UI surgeon performs first robot-assisted cochlear implant surgery
University of Iowa Health Care otolaryngologist Bruce Gantz, MD, has performed the first three robot-assisted cochlear implant electrode insertions in the world using an investigational surgical tool currently in clinical evaluation at University of Iowa Hospitals & Clinics.
Gantz, an international leader in cochlear implant technology, was testing the use of the new technology – a robot that helps guide the placement of the cochlear implant electrode in the inner ear. The technology was developed by iotaMotion Inc., an early-stage medical technology startup, based in Iowa City, Iowa.
Cochlear implants help people with hearing loss to perceive sound. The devices translate sound into electronic signals that stimulate the patient’s auditory nerve to deliver sound information to the brain, allowing the patient to hear.
The surgeries were performed as part of the UI’s clinical evaluation of the iotaSOFT system under an Abbreviated Investigational Device Exemption (IDE). The system was being tested for its use as a surgical support instrument during cochlear implant surgery with adults. Clinical data on the safety and performance of the system gathered during the procedures will be used by the company to seek de novo authorization from the Food and Drug Administration (FDA).
iotaMotion was co-founded by Marlan Hansen, MD, professor and head of the UI Department of Otolaryngology – Head and Neck Surgery, and Chris Kaufmann, MD, who was a UI resident physician in the department and is now President and CTO of iotaMotion. Hansen is the company’s chief medical officer, and was not involved in the surgeries.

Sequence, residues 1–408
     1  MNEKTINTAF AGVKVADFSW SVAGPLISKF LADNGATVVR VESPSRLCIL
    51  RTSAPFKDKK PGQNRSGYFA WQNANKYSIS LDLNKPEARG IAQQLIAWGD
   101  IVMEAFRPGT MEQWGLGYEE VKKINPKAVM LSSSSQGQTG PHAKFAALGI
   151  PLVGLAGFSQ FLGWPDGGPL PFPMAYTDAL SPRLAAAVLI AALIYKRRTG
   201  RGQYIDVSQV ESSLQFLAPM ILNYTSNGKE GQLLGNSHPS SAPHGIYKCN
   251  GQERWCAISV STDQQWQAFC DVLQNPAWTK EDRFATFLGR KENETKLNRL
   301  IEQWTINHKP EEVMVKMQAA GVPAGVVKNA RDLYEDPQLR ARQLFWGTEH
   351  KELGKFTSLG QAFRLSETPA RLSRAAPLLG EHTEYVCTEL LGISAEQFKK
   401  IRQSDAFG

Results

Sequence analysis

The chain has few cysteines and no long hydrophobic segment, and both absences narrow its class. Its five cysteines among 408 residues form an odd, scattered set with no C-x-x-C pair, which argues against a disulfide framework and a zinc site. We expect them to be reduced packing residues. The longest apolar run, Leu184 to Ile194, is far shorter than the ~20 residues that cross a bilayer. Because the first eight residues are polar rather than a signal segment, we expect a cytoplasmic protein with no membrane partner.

The UI has been a center of excellence for cochlear implant advances for almost 40 years. Gantz himself implanted the first multichannel cochlear implant in the United States in 1983. As an expert with decades of experience with these surgeries, Gantz hopes the consistency and precision a robotic system could add might allow more surgeons to offer the procedure.
“Putting the electrode in the cochlea by hand is such a delicate operation,” he says. “The robotic assistance is designed to help do this more smoothly and with lower forces. It went in very nicely and we were able to get X-ray confirmation that the electrodes were in proper position in the cochlea.”
“These first surgical procedures utilizing the iotaSOFT system are a critical step forward in merging precision robotic tools into the cochlear implant surgical workflow,” adds Kaufmann. “We are grateful for Dr. Gantz’s participation in the first clinical implementation of the system. We look forward to the continuation of this investigational study, and further development of important surgical assistive technologies in the cochlear implant space.”